At noon, under the high, scorching sun, the scenery is painted in vivid colours. You might see a barefoot woman in her flowing gown filling water jars at the edge of the river, a smiling man dangling his legs and oscillating on the back of a small donkey, a string of stately camels ambulating on a straight road bordered by cool and shady date groves. Each is a picture postcard depicting peace-abiding people living today as they had lived a thousand years ago.

And then, at the end of the day, the sunset: the hour when the countryside is wrapped in a glory of colour! One moment the scenery is a dazzling silvery blue, ochre, brilliant green and dappled shadows; the next, without warning, it is flushed to a wild crimson. In Egypt night comes quickly; the sun sets dramatically – bang – just like that below the rim of the desert. Feluccas draw in against the bank with a rattle of chains and the creaking of windlasses and the whine of great sails. The fields are empty and the smoke of little fires rises in the still air from the mud-houses.

Now, darkness has fallen and the air is hushed and breathless. The sky is a purple canopy, low hung, and the blazing stars are so close that you can almost pluck them from the sky. The shadowed paths, the flowers in the hotel’s garden and the slender masts of sailing ships loom motionless, ghostly white in the silver moonlight: the desert night delivers infinity, eternity, beauty – all those grand emotions that inspire romance.

One of my favourite television programmes at the moment is First Dates, a programme in which French maître d’ Fred Sirieix oversees couples dining together on blind dates in a London restaurant (and, more recently, at a French hotel). The focus of the show, of course, is an exploration of how attraction forms (or does not), but what interests me most is the setting: excellent haute cuisine food, enjoyed à deux, is what creates the mood for romance to blossom. Often the menu interests me as much as the couples!

I love to cook, especially for family gatherings and parties; it gives me an excuse to try out the recipes I collect on my travels. But before cooking comes shopping, and this, I find, can be even more pleasurable. I am not referring to supermarket shopping; there is little soulful about that. I am referring, instead, to shopping in the old-fashioned way, at a market.

In France, where I live in the summer, I love going to the market in my local village for fresh fruits and vegetables, breads and olive oil. It’s a social occasion, a chance to meet friends and neighbours, to talk to stallholders and try their new wares, and invariably I come home laden down with bags.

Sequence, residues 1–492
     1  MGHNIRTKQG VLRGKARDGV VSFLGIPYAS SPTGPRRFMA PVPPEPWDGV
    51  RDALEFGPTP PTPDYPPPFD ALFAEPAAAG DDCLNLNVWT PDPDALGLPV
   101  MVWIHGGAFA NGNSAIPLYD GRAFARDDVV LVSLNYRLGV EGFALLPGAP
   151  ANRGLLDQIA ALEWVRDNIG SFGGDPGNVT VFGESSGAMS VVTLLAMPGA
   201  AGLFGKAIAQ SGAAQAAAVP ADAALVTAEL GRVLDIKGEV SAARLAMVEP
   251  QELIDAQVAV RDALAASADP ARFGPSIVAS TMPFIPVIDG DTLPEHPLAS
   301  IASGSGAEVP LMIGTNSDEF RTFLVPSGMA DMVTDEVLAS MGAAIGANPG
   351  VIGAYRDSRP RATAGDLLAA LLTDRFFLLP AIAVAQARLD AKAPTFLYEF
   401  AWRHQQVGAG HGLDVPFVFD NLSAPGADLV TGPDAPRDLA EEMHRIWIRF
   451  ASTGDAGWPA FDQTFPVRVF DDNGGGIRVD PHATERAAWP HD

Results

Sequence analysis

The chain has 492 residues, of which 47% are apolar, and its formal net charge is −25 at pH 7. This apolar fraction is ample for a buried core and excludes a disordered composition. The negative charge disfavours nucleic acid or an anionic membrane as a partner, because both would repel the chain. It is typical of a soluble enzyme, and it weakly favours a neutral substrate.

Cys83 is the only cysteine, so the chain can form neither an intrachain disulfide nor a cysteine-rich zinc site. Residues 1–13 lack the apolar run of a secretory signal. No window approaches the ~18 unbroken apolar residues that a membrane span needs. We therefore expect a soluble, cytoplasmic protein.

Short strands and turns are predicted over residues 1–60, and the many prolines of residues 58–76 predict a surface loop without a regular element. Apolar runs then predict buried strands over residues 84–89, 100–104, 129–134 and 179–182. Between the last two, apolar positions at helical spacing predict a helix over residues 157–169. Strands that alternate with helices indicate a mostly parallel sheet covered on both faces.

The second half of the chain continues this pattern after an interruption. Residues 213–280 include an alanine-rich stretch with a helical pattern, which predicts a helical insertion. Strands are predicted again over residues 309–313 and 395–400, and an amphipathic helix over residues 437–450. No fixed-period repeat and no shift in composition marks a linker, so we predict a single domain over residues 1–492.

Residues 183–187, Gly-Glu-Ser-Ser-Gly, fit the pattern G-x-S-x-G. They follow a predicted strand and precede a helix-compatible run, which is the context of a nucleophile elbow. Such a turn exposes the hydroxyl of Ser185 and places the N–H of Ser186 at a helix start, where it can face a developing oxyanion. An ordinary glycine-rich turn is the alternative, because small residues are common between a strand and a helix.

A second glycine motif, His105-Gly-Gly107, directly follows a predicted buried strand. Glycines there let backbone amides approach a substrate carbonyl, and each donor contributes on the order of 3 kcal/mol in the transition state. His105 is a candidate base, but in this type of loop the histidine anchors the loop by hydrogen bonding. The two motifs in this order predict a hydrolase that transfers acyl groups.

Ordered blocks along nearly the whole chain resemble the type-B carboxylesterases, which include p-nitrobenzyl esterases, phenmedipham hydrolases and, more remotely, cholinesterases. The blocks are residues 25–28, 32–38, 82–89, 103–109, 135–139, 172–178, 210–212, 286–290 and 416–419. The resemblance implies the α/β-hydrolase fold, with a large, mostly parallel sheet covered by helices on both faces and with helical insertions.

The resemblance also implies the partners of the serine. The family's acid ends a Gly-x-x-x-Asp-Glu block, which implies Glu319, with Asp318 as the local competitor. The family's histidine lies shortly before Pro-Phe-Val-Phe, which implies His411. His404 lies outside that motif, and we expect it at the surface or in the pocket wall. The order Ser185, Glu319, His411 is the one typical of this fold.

When I travel, often I am staying at a hotel and thus am unable to cook, but I still like to visit the market and browse, taking in the sights and scents and flavours, the bustling atmosphere. That is how I came to visit the covered market in Cadiz, while researching my Andalucían Nights trilogy. Such a vibrant place! It’s housed in a large, Neoclassical, rectangular building that teems with life – so many people, from housewives buying ingredients for meals at home to chefs stocking their restaurants, all talking at once, questioning, haggling. The moment I took in the scene, I knew I must bring one of my heroines here – for before me was everything I love about Cadiz in one place: light, energy, passion.

When Luna, heroine of Legacy, arrives in Spain, she is plunged into a strange new world. Although she is half-Spanish by birth, she has grown up in America and has few memories of fleeting time spent in Andalucía as a child. She comes across the covered market soon after coming to the city, and enters wide-eyed at the colourful, clamorous sight.

Today, I’d like to take you on a little tour of the Cadiz market, as taken by Luna:

Stall after stall was heaped with fresh, colourful local produce from land and sea. Luna paused to admire the day’s catch of fish lying on slabs of ice, their silver scales glistening under the neon lights; some of which were specimens she had never heard of. She wondered how they were able to keep them looking still so appetizing in the heat.


‘We have the best red tuna in the world, fished locally in Tarifa,’ the fishmonger proudly told her. He grinned broadly. ‘Only for you, beautiful señorita, I will make it half price.’

Luna laughed. Even the fishmongers here turned on the charm. ‘I’ll come back in a few days, and you’ll have to tell me how to cook it.’

Then she sees eggs on display: rare large white organic eggs, and she decides to gather ingredients for an omelette. After purchasing milk and butter, she peruses the vegetables on offer:

These ranged from incredibly thin beans, tender spinach, young petits pois, baby carrots and globe artichokes, to large cabbages, enormous potatoes, oversized tomatoes that looked more like small pumpkins, and thick asparagus fingers, the like of which she had never seen before.


Luna settles for organic red vine tomatoes, crunchy yellow peppers, and wonderful spindly green chives.

As she moves on, Luna is captivated by the many foods on offer: